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The missionary conducted service in the chapel 13  ‘discoursing on the late solemn events’ and talked with Tiakitai’s brothers, Thomas Walker and Hadfield, who acknowledged the justice of Tiakitai’s death but bewailed the loss of their young men.  ‘Some of the old people appeared to be quite overwhelmed with the stupid grief at the loss of their sons.’  One had lost his last surviving child of a family of ten and in his grief attempted suicide; another had lost two sons and a son-in-law, all communicants.  ‘I dare indulge the hope,’ says Colenso, ‘that those 4 young men were, through the abounding merit of Christ, saved from the wrath to come… Their fate, however, is a lesson to us all.’  Thus the missionary consoled and warned the inhabitants of Waimarama, taking the opportunity to convert Te Hapuku and the heathen party who had come to the tangi.  They had lost several of their children, ‘but they are still holding out against the Gospel.  Lord soften their hearts and open their eyes!’  On this occasion the missionary apparently made no headway, as the heathen party called after him as he left for Manawarakau ‘Haere atu korua ko toa Atua wake mate tangata – depart thou and thy man-slaying God.’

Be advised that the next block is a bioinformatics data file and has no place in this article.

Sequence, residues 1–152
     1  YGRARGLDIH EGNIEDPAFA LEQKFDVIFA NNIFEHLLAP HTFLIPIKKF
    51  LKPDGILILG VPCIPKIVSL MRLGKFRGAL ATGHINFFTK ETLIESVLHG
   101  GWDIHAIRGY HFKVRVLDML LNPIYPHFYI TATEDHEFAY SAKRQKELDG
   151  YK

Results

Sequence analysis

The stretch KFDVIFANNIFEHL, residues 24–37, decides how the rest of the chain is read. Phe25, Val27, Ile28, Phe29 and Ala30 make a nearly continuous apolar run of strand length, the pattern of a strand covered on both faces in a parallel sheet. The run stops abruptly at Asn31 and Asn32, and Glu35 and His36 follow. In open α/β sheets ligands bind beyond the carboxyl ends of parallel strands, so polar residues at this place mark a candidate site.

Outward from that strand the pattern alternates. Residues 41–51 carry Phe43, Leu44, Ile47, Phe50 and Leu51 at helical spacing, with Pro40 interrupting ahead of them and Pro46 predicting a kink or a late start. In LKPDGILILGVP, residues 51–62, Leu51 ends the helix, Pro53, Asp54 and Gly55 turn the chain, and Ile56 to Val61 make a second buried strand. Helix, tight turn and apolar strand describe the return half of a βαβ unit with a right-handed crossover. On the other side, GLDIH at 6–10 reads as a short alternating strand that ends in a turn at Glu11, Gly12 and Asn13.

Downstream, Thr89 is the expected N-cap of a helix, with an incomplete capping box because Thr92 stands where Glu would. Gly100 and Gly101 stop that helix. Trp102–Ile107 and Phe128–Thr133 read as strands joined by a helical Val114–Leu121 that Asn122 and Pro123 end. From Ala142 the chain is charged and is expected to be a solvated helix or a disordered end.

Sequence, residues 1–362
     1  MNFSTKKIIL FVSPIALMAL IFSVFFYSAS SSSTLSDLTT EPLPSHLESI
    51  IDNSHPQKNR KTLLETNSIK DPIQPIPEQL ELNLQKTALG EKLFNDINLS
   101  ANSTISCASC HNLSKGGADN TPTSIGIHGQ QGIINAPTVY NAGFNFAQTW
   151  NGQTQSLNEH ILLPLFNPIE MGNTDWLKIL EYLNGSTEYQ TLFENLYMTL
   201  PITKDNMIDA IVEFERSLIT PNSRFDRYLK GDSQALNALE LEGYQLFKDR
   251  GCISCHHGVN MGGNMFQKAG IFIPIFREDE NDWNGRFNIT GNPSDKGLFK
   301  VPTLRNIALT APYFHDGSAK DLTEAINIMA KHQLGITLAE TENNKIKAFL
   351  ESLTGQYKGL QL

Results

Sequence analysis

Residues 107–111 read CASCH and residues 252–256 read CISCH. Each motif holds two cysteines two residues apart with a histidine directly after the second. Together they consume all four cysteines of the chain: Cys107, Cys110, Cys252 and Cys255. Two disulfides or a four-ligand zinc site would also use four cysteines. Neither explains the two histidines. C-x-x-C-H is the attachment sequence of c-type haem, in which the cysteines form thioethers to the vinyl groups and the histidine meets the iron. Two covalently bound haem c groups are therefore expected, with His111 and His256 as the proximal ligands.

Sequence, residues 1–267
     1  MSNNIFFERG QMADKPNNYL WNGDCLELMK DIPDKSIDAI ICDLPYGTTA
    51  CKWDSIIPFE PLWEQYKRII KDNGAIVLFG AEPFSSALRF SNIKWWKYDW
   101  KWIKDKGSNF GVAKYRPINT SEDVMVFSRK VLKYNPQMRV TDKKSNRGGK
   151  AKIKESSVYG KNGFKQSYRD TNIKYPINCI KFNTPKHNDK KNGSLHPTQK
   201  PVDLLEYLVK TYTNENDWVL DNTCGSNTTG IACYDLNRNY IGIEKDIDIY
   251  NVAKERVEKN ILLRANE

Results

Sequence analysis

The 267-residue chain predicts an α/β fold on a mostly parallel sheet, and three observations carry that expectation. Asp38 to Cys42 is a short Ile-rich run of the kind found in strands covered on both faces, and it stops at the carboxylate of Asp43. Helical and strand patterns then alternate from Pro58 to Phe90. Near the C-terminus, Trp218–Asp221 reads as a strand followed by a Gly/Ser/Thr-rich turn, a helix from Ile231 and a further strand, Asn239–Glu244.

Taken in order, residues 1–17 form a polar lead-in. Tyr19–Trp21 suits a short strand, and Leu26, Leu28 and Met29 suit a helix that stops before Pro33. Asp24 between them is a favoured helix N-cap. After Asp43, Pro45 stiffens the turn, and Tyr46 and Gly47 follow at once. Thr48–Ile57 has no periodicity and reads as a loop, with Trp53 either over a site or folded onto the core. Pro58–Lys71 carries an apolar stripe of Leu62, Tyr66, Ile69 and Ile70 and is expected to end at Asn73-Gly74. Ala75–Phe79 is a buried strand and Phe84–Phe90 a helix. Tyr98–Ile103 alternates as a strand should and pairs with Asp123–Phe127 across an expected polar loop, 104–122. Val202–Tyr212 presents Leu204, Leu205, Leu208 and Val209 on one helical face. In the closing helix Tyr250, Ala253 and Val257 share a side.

The difficulties of the missionary were indeed great, but he was not a man to cease from striving.  Not only was Colenso converting the Maoris to Christianity, but teaching them to read and write to facilitate the process of conversion; in this task he was assisted by pupil teachers – the most intelligent of his converts.  In this respect Tiakitai’s brothers, Waka and Tatere or Walker and Hadfield, to give them their European names, were invaluable.  At Waimarama, too, Colenso encountered some converts of a rival creed – few, it is true, but enough to arouse all the intolerant bitterness of his nature and the age in which he was bred.  Father John Lampila SM was making converts in Heretaunga in October 1844, three months before Colenso’s establishment of a Church Missionary Society station at Waitangi. 14  Some of the Roman Catholic converts were Waimarama people, or perhaps had settled there, and Colenso regarded their presence with great distaste.  The papists were anathema to him.  Hear him on 18 August 1845:

‘Proceeding on we reached Waimarama at 7 p.m. in rain, excessively tired.  Going quickly to the village in the darkness of the night we found the Xn party engaged in prayers… Walker a Xn chief, brother of Tiakitai, was reading the 2nd chapter of the Epistle of St Peter in a loud, clear voice and the 10th verse broke upon my ear – we stayed unknown to them on the outside.  Suddenly the tinkling bell of the few Papists (lately come from Table Cape)